Changing gears, Night of the Demons 2 slithers in nastier and bigger than its predecessor; some would argue this sequel surpasses the 1988 original. Directed by Brian Trenchard-Smith (Leprechaun 3, Leprechaun 4: In Space), the title makes major tweaks to the formula, and doubles down on the comedy. Angela (returning Amelia Kinkade) has now become the stuff of legend—people go to Hull House on dares, and the events of the first film have left Angela’s sister, Mouse (Merle Kennedy), an orphan. Instead of being set at only one location, Demons 2 alternates between Hull House and a catholic school, where a satanic conjuring has occurred. Mouse gets dragged to Hull House for a Halloween party, while another occurs at school under the watchful eye of nun Sister Gloria (Jennifer Rhodes). Before long, Angela reemerges, and a bigger cast—much better developed this time around—gets put on the chopping block. Keep an eye out for a young Christine Taylor, one year before she would go on to play Marcia in The Brady Bunch Movie. Trenchard-Smith and screenwriter Joe Augustyn really go for broke this time around. Demon handjobs, holy water balloons, heads in toilets, and much more fully embrace the zany premise.
Again, the phenomenal effects work from Award-winning special effects artist Steve Johnson greatly contributes to the quality of the direct-to-video sequel. At one point in Demons 2, Angela becomes a humanoid snake creature, which is probably the most impressive scene. Kinkade laments the 27 hours she spent in snake makeup, strapped into a trench and glued to a teeter-totter. To this day, that remains an effects record. Additionally, it netted Kinkade a bigger paycheck than any other title. As the sole returning cast member from the original, Kinkade’s Angela steals the show with Freddy-like one-liners. On purely a technical level, Demons 2 surpasses the writing of the first by featuring textured characters and a zippy narrative structure. Leaving room for a Rambo-nun to swoop in and save the day could not have been an easy feat, yet they weave her into the fabric of this sequel seamlessly. The special features are again terrific, going into the freedom of process behind the demon performances. A lengthy talk between Kevin S. Tenney and Brian Trenchard-Smith conversationally details how they crafted Demons 2. The duo go off on random tangents frequently, but hearing them shoot the shit delights, particularly when they discuss the Leprechaun movies. A VHS-quality workprint of the sequel is also included.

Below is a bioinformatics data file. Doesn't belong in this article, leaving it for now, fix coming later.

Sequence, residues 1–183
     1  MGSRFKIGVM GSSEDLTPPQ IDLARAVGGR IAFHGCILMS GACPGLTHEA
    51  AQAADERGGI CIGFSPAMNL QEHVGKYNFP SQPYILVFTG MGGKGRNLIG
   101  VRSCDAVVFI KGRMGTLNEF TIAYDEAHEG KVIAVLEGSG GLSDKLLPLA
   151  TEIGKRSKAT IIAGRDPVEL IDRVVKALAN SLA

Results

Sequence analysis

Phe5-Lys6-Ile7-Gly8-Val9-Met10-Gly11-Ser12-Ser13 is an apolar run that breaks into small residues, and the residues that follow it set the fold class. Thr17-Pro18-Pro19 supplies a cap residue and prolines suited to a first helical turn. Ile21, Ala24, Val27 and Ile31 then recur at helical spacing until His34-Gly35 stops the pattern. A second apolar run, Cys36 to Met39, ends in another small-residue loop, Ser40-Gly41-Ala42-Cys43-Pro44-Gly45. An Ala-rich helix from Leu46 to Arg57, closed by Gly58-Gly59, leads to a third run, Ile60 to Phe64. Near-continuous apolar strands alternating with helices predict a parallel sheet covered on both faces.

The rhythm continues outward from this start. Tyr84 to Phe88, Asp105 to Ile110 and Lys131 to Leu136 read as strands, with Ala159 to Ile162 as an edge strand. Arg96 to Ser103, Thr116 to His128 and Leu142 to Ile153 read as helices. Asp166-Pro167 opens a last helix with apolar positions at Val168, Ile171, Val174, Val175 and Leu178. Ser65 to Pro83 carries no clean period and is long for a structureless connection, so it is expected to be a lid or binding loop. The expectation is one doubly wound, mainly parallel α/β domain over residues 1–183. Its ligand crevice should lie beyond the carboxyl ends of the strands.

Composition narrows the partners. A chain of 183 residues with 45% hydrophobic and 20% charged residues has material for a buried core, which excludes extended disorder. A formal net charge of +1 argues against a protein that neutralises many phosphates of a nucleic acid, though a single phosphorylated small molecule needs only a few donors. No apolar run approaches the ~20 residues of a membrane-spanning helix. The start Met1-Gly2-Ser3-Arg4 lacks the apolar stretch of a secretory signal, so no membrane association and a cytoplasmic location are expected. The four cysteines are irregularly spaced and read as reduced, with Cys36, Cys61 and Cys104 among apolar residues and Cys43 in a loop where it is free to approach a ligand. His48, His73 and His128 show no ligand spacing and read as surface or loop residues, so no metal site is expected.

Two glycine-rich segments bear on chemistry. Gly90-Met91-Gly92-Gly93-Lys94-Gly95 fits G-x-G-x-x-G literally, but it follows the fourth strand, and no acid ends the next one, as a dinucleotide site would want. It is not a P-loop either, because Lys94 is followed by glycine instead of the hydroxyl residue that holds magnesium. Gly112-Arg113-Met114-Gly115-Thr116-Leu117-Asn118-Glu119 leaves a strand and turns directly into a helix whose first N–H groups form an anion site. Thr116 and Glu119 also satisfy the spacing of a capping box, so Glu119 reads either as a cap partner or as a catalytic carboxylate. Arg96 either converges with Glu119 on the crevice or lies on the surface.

Most people consider Nights of the Demons 3 to be the worst entry in the series, and I am inclined to agree. With that out of the way, the concept is pretty fun. This entry was an entirely Canadian production, filmed at a historic home as Hull House that looks nothing like 1 or 2. A group of teens take shelter in Hull House to “lie low” after they accidentally shoot a cop at a convenience store. Angela (Kinkade for the final time) returns again, up to her old tricks, but she pretends to be an innocent at first rather than a horrifying demon. Demons 3, directed by Jim Kaufman who had neither helmed a horror feature nor seen the first two films, has a decidedly different feel. More akin to a cheesy episode of Are You Afraid of the Dark, there are nevertheless so many intriguing ideas present. Snake arms and bizarre transformations color this entry, and unlike Demons 2, this actually feels direct-to-video. At least Angela seductively dances in each movie, and Kinkade can embrace her dancing background.
Night of the Demons 3 was the most tumultuous production of the bunch. Original writer Joe Augustyn, who wanted 3 to be set in an apartment complex, was not interesting in returning to Hull House for the same old, same old. Instead, the first film’s director Kevin S. Tunney came back. His script was highly regarded, but hiring an amateur director and robbing Hull House of its identity all but ensured it would not live up to previous entries. In both the commentary and an interview, Tunney laments what could have been; he even comments that while the original is untouchable, he would love to remake Night of the Demons 3. Amelia Kinkade speaks more positively of her experience, enjoying the heavier focus on Angela, as well as her time on location in Canada. Kinkade seems so sweet, and fondly looks back on her time with all three films. The disc also includes a TV edit of the film, and a director’s cut workprint.